It must go down among the biggest porkies a man ever told a woman – right after Christopher Columbus telling his mother he wouldn’t be long; he and a few friends were just taking their boats out for a spin. And, never has the term “farm”* been used more euphemistically than when Felipe V of Spain told his wife that he was going to buy a small farm at the foot of a hill for their summer retreat.
In fairness, when he bought it from the monks of Santa Maria del Parral in nearby Segovia, it was little more than farm with a small almshouse for the poor. Felipe just conveniently forgot to mention that little bit about his intention being to turn it into a second Versailles. Such minor details have never been known to be the cause of strife between husband and wife, after all.
Nonetheless, one might sympathize with this young French king. Used to the opulence, lush greenery and cascades of his father’s grandiosity, he sought relief from the arid meseta of Castille in the northern freshness of the Guadarrama mountains. The humidity and pine pitch aroma of this narrow range to the north and west of Madrid offering respite from the alternately baking and freezing dryness he so hated. Some sympathy was also forthcoming from Felipe’s art-loving second wife, Elisabetta Farnese, who, when it became clear that her husband’s plans for their country getaway were a mite more ambitious than a log-cabin, readily assisted him in emptying Spanish crown coffers on gargantuan quantities of imported green, red and yellow marble and oils by her favorite Italian masters.
Having been born third in line to the French crown, and only acceding to the Spanish throne when his great-uncle Carlos II died childless and named him as the rightful successor, Felipe was always a reluctant leader. It’s also quite likely he suffered from mental illness, a condition exacerbated by the stress of leadership, and this may explain why his vision for La Granja was not just as a country retreat, but as his retirement home.
At the age of only 41, Felipe abdicated in favor of his 17-year-old son Luis, and retreated to his palace to live in seclusion. Alas, for both he and his son, following a short battle with smallpox, the teenage king died, forcing Felipe to return to the throne. Once re-installed, he did not wish to leave his retreat in the hills, and so around La Granja grew up the town of San Ildefonso. First a military barracks and riding school, followed by the collegiate Church of the Holy Trinity and a munitions and glass factory. Naturally, as the seat of the Royal Court, the Spanish nobility also began to move in, building the kind of modest pied-a-terres and game lodges their tastes demanded, turning La Granja into small, exclusive enclave facing the Castillian plain and backed by their own private game reserve in the thickly wooded mountains. So it remains today, with the exception that the palace is open to the public and the retreats of the nobility are now weekend retreats and summer homes of well-heeled Madrileños.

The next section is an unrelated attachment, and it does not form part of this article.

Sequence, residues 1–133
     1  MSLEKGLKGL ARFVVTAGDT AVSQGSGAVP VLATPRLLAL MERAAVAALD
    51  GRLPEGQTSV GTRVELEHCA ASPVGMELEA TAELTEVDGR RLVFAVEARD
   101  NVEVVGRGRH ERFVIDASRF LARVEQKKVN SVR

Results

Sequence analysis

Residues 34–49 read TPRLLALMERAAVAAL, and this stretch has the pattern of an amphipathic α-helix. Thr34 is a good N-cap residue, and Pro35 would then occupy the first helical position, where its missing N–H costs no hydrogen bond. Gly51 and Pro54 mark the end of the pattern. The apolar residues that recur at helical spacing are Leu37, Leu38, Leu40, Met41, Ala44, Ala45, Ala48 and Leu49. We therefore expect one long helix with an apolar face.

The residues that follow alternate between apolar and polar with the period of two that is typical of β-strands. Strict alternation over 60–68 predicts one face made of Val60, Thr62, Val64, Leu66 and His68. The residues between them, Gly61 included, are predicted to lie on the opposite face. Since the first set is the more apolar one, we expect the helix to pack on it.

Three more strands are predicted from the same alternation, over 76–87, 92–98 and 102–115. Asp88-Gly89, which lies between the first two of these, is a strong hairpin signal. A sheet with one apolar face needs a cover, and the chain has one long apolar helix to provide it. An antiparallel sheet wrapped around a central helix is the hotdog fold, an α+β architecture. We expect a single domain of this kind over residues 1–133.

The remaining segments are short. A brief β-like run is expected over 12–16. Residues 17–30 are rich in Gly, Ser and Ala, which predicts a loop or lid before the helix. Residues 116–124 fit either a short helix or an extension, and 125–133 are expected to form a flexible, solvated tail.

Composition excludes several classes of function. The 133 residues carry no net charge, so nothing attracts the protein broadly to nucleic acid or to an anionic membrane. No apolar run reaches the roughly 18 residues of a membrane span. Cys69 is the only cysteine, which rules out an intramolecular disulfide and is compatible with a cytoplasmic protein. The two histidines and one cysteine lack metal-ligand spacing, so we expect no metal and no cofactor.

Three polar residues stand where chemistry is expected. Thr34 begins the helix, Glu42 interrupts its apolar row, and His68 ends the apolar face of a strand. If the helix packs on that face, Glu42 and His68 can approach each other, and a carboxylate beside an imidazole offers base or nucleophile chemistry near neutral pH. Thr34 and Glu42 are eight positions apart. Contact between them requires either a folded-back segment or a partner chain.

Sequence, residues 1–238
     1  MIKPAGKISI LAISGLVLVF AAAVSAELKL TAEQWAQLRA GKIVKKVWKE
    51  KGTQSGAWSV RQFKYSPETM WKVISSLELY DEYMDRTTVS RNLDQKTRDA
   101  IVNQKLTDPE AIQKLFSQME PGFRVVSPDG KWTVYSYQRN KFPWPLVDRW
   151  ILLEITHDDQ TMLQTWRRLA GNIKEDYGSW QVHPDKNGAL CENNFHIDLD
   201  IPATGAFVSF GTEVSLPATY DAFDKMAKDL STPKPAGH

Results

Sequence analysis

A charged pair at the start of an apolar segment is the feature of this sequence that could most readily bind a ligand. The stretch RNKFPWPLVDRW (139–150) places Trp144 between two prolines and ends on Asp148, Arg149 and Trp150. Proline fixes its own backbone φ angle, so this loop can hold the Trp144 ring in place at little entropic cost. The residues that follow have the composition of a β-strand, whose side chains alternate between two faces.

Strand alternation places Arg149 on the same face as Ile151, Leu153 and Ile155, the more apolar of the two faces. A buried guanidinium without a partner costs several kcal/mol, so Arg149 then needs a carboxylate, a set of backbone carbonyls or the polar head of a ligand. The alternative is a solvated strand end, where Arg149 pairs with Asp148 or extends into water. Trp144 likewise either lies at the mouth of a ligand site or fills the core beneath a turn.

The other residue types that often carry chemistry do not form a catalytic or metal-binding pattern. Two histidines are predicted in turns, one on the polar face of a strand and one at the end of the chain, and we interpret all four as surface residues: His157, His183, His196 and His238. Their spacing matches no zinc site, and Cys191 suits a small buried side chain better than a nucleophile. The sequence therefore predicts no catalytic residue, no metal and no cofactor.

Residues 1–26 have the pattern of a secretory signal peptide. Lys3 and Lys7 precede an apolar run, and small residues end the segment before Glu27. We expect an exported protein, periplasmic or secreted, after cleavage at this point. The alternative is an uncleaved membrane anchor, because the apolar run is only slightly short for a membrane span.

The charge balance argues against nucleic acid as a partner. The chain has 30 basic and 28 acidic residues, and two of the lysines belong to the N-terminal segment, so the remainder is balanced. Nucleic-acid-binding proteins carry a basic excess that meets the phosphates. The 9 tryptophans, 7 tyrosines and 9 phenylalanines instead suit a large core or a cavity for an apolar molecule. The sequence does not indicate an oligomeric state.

While they are perfectly nice mountains, replete with babbling brooks, fern-filled glades and bald peaks, the Guadarrama is not among the world’s most arresting ranges. For its piney-green lumps to be truly eye-catching one must have reached the point at which the nibbled, camel-colored cloth of the Castilian meseta feels somehow fearsome. Indeed, Felipe’s Bourbon family represented perhaps the apogee of this agoraphobia. Spanish royalty who, for generations had fought the Moors for every wretched scrap of barren earth, now restricted themselves to scurrying between cloistered royal residences across their vast territories, fearing contact with their subjects and their physical reality.
In As I Walked Out One Midsummer Morning, his wonderful pre-Civil War memoir of Spain, Laurie Lee describes happening upon La Granja one day on his way to Madrid from Segovia, and, all alone apart from beetling gardeners, he witnessed the magnificent play of the palace garden’s fountains. Even in the 1930s, this was a blithe coincidence. Today, they only run for half an hour a week in the off-season, and our visit did not coincide, but it must have been a truly astonishing experience especially in the height of summer with the cooling effect of all that gushing water at its most thirst-quenching.